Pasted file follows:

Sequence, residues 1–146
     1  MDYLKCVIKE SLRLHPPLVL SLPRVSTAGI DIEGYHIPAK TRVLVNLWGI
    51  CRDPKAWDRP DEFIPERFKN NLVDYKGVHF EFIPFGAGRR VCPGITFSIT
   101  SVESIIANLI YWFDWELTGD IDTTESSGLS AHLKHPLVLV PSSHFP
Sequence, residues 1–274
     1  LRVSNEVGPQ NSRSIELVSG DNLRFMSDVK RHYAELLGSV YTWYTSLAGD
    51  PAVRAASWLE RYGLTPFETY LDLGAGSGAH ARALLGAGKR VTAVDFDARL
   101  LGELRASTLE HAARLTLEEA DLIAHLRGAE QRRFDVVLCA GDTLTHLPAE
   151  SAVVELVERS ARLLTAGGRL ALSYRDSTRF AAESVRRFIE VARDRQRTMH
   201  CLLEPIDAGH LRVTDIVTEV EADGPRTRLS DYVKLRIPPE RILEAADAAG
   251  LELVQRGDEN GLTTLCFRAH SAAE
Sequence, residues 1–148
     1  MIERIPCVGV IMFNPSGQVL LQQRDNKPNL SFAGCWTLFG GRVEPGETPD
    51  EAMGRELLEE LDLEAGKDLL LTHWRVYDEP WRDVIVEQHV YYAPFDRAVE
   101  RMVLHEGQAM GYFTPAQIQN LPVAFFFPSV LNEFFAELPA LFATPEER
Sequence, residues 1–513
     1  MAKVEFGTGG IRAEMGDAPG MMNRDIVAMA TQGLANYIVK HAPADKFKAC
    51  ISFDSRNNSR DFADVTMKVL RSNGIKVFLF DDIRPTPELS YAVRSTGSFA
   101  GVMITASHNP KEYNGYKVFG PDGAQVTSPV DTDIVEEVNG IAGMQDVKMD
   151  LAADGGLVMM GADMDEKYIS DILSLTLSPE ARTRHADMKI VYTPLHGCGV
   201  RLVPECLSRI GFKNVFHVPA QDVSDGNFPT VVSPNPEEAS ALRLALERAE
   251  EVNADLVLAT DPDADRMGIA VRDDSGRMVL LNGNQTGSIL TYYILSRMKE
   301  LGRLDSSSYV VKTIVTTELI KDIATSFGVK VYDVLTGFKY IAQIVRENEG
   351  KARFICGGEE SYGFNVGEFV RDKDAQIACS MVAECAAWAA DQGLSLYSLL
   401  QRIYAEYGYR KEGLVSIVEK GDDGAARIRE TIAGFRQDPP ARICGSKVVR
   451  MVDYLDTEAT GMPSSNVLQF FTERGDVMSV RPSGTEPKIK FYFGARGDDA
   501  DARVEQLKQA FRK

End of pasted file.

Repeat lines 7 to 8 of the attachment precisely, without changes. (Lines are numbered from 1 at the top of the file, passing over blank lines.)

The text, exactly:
    51  PAVRAASWLE RYGLTPFETY LDLGAGSGAH ARALLGAGKR VTAVDFDARL
   101  LGELRASTLE HAARLTLEEA DLIAHLRGAE QRRFDVVLCA GDTLTHLPAE